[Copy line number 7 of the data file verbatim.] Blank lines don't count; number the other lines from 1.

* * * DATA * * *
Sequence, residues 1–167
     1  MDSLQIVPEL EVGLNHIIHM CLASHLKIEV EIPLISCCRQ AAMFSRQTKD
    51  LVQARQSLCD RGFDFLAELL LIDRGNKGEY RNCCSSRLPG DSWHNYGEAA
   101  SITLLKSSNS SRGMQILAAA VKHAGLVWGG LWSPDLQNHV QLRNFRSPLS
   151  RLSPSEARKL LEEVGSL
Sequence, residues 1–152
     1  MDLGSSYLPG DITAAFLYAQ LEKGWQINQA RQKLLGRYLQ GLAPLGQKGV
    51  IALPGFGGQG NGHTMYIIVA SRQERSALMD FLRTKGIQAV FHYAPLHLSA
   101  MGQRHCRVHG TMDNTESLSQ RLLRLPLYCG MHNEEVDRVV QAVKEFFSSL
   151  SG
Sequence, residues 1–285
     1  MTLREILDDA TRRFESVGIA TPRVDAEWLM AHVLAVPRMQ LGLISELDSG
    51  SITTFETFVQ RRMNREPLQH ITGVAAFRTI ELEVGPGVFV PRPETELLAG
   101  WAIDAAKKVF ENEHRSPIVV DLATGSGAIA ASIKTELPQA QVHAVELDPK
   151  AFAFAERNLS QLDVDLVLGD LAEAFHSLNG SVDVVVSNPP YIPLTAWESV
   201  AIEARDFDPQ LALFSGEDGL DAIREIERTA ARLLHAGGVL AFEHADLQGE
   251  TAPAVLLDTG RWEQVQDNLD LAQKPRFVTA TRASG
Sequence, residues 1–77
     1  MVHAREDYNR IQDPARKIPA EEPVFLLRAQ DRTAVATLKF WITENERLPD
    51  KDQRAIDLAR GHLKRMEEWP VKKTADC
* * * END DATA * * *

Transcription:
     1  MDLGSSYLPG DITAAFLYAQ LEKGWQINQA RQKLLGRYLQ GLAPLGQKGV